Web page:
A Child of Hope

To us a Child of Hope is born,
to us a Son is given;
Him shall the tribes of earth obey,
Him all the hosts of heaven —
Him shall the tribes of earth obey, Him all the hosts of heaven.

His name shall be the Prince of Peace,
For evermore adored,
The Wonderful, the Counselor
the great and mighty Lord,
the Wonderful, the Counselor, the great and mighty Lord.

His power, increasing, still shall spread,
His reign no end shall know;
Justice shall guard His throne above,
and peace abound below —
Justice shall guard His throne above and peace abound below.

Lowell Mason, 1837
based on Isaiah 9: 6-7

I awoke with the haunting words and melody of this hymn of Christmas in my head — A Child of Hope.

For too many people and for lots and lots of reasons, the birth of children do not signal hope. Instead — heartache, suffering, hard times and more hard times, anguish….pain.  I know all that we say about Mary, Jesus’ mother….but sometimes, I wish I could have been privy to what was going on in her mind when the Angel left, when family members weighed in….what did she see in Joseph’s eyes at first…really…when she shared with him her news?

Why did she really need to go and spend three months with her cousin, Elizabeth, John’s mother?  Maybe three months was the cooling off period?

I don’t know — we will never know.  But this is for sure:  part of the reason that Jesus is a child of Hope is because regardless of how he was conceived, the questions that surrounded that conception and whatever their families were thinking — Mary kneeled down and Joseph stepped up.

Mary kneeled down…and Joseph stepped up. 

Mary praised and prayed.

Joseph embraced a life that he didn’t create, but one that would be his to shape and nurture.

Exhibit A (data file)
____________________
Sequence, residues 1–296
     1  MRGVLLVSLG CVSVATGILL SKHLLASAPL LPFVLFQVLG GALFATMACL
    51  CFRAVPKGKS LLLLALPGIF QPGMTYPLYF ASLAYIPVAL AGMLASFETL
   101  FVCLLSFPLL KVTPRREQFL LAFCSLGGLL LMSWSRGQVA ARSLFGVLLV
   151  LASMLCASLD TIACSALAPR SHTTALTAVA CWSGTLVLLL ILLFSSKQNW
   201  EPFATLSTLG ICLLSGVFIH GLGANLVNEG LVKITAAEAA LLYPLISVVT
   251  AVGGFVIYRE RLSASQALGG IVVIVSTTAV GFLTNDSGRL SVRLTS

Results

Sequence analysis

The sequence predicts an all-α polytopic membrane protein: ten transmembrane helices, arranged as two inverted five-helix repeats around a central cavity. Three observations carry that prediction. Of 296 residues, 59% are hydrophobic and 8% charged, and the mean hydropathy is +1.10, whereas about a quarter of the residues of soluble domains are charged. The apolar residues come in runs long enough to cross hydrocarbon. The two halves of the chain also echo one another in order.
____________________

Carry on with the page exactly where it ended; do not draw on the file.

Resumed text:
We still need children to be “of hope” — not to suffer the soul-branding anguish that comes with facing the lingering questions, doubts, and uncertainties of their circumstances, anguish that often follows them throughout their lives.  That Jesus still suffered the community’s gossip, name-calling and constant questioning about his parentage as he grew up even though Joseph embraced him for all to see and bound him to his lineage tells us just vulnerable children are –even this Child — to adult “name-calling.”

Yet…this Child taught us some hopeful things…

–That even young children can be about “their Father’s business” — we should “open our Temples” and embrace their questions.

–That our family bloodlines are not anywhere near as all-encompassing as families united by His blood — we should be even more willing to make a place within our circle for God’s beloved.

–That regardless of the circumstances of our birth…even two thousand years later…He shares with us the One he called “Our Father” — affirming the declaration of the psalmist who declared that if our earthly mothers and fathers forsake us, He will take us up.

We still need children of Hope — children who are taught that they are precious, who have names of endearment whispered into their ears, who are embraced by strong men and prayed for by courageous women, whose names are inserted into the community history — the lineage — and who are assured without a shadow of doubt, over and over again, that there is One who is stronger than the pull of any of our circumstances.

Kneel down Mary…and step up Joseph….trust God to do the rest.

By avoiceinramah

Following The Way. Wife, Mom, Pastor, RevSisterGirlfriend, Advocate. Ida B. Wells-Barnett, Sojourner Truth, Harriet Tubman. I believe another world is possible.

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